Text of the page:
#5 Suicide
     (Father Joseph Francois Laftau, 1712-1717)

This Land of Souls has also its different levels and all are not equally good. One of our missionaries drew this conclusion from what he heard a young girl say. This girl, seeing her sister dying from the quantity of water hemlock [Cicuta maculata] which she had taken in anger and determined not to take an antidote to save herself, wept bitterly and tired to appeal to her sister by the ties of blood and affection which united them. She repeated over and over, “It is then over, thou wishest us never to find one another again, never to see one another again?” The missionary, struck by these words, asked her the reason for them. “It seems to me,” he said, “that you have a Land of Souls where you are all to be united with your ancestors; why then, dost thou speak in this way to thy sister?” “It is true,” she answered, “that we are all going to a Country of Souls but the wicked, particularly those who have destroyed themselves by a violent death, bear there the penalty of their crime; they are separated by it from the others and have no communication with them; that is the reason for my sorrow,” In like manner, Virgil assigns a separate corner of Hades to Dido and a number of others who had been the unhappy victims of their own despair.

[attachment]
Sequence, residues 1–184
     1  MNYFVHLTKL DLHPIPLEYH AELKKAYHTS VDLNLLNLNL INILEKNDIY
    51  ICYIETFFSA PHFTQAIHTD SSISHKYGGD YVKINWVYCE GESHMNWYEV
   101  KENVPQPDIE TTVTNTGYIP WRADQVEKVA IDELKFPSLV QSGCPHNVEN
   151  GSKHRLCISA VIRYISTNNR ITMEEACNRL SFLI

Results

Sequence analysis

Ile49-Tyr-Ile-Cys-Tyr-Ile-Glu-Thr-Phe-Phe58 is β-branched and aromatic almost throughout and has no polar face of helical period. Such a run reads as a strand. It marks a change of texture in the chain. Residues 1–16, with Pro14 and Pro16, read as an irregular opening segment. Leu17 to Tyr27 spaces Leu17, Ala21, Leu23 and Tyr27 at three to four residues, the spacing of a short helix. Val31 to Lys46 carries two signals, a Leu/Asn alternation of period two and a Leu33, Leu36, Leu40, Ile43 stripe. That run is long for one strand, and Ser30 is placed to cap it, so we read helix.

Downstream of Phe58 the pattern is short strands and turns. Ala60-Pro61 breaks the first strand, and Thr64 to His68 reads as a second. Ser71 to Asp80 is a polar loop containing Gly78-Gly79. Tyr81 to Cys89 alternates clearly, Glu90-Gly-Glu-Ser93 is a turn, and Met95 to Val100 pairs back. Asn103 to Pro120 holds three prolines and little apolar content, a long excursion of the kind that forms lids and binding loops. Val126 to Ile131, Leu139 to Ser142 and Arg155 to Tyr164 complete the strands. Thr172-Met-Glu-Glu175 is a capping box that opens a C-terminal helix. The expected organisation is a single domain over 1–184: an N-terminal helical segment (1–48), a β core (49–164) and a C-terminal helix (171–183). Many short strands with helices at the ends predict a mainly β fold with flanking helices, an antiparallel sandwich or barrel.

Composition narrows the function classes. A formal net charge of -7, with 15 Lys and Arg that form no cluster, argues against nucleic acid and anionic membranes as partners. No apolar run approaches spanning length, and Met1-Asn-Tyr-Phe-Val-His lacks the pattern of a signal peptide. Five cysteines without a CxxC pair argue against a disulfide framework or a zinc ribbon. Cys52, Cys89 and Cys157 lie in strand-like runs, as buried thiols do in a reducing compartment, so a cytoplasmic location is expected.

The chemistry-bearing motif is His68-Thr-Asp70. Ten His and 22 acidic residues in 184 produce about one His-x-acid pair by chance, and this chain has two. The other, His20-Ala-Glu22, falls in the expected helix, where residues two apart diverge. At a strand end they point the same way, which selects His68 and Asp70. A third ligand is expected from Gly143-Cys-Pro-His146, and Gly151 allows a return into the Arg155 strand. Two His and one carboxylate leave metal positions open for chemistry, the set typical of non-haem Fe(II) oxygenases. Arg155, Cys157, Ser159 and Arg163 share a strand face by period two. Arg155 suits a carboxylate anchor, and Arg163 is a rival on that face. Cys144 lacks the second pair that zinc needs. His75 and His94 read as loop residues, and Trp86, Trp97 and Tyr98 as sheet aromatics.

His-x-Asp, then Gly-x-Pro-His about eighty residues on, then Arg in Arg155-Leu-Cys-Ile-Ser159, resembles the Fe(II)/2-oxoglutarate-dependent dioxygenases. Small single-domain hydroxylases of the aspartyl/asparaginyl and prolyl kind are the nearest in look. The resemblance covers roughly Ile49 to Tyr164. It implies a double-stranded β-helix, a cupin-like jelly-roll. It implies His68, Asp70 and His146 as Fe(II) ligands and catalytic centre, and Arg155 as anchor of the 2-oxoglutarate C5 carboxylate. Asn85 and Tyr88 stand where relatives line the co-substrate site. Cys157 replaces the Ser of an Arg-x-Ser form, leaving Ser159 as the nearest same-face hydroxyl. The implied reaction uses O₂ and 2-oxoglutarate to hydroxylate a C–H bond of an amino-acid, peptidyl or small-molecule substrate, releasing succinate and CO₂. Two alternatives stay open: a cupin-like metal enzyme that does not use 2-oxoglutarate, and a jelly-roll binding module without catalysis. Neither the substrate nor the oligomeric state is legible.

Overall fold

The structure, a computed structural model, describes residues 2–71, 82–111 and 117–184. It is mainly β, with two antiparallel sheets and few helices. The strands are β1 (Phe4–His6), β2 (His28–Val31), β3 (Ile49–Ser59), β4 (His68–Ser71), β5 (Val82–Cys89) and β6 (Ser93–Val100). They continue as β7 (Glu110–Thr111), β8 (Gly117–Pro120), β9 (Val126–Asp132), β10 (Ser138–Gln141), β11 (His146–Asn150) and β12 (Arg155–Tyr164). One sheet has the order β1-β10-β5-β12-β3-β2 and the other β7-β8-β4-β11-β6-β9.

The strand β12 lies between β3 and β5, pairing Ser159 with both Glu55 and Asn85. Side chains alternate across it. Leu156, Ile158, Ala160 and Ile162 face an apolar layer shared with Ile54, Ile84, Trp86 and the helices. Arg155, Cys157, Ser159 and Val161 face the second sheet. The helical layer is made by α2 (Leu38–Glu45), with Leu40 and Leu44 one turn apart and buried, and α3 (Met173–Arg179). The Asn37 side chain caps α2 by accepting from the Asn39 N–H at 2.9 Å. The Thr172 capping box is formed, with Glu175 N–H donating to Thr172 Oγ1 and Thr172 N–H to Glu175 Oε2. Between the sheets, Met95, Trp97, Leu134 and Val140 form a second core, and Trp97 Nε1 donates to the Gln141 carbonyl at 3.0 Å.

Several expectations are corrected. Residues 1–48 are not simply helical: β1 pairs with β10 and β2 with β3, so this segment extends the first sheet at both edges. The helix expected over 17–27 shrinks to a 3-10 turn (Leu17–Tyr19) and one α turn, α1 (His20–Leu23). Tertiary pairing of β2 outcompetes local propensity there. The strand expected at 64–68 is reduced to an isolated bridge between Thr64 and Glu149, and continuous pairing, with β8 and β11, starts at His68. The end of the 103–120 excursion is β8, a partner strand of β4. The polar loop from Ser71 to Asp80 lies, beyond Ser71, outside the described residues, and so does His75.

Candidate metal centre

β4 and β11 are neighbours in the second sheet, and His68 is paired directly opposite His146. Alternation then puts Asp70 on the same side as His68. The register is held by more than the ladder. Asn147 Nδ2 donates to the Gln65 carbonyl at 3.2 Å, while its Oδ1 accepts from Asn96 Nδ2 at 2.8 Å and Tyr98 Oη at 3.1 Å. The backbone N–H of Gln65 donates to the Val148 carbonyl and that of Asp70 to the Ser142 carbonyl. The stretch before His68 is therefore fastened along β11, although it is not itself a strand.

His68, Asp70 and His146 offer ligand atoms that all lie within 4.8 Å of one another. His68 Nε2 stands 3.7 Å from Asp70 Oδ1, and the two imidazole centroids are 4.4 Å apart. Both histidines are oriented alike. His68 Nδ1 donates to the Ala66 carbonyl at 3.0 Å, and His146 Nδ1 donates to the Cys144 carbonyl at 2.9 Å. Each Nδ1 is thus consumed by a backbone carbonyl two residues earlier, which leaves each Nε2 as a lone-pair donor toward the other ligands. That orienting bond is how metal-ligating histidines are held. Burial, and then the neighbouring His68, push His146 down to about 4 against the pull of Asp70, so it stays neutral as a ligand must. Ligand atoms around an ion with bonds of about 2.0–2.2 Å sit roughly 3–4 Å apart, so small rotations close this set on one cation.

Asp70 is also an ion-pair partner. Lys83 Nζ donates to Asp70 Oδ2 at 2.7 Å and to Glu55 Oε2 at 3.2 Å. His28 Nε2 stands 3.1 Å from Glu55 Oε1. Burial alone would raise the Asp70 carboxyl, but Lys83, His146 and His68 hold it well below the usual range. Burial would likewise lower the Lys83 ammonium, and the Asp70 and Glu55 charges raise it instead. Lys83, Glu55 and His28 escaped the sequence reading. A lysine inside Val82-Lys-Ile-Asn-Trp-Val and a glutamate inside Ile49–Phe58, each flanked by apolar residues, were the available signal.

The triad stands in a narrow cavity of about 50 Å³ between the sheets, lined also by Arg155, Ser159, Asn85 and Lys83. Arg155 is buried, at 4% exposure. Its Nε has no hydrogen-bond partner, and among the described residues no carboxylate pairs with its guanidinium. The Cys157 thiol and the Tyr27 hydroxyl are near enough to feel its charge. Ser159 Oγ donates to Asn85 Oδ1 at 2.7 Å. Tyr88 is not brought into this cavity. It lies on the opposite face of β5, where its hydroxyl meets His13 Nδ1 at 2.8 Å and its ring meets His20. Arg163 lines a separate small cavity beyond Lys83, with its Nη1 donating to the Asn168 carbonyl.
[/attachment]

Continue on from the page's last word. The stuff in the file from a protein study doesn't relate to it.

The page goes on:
The Indians are enlightened enough to distinguish good from evil. Conscience leaves no one in ignorance. It is not surprising that they have known, like others, that there were penalties reserved for crime and recompenses destined for virtue.

The worst punishment given them [children] when they are still little is to throw water in their faces or to threaten them with it: when they grow older, the mothers satisfy themselves with pointing out to them their duties, which they are not always of a mind to obey. No one, moreover, would dare strike and punish them. In spite of that, the children are docile enough, they have sufficient deference for the members of their lodge, and respect for the elders from whom one scarcely ever sees them emancipated; a thing which indicates that in methods of bringing up children, gentleness is often more efficacious than punishments, especially violent ones. The Indians in general are, besides, so sensitive, that, for a little too bitter a reproach, it is not unusual to see them poison themselves with water hemlock and do away with themselves.

[#5] Father Joseph François Lafitau, Customs of the American Indians Compared with the Customs of Primitive Times, ed. William N. Fenton and Elizabeth L. Moore (Paris, 1724; Toronto: The Champlain Society, 1974, pp. 254-55, 301).

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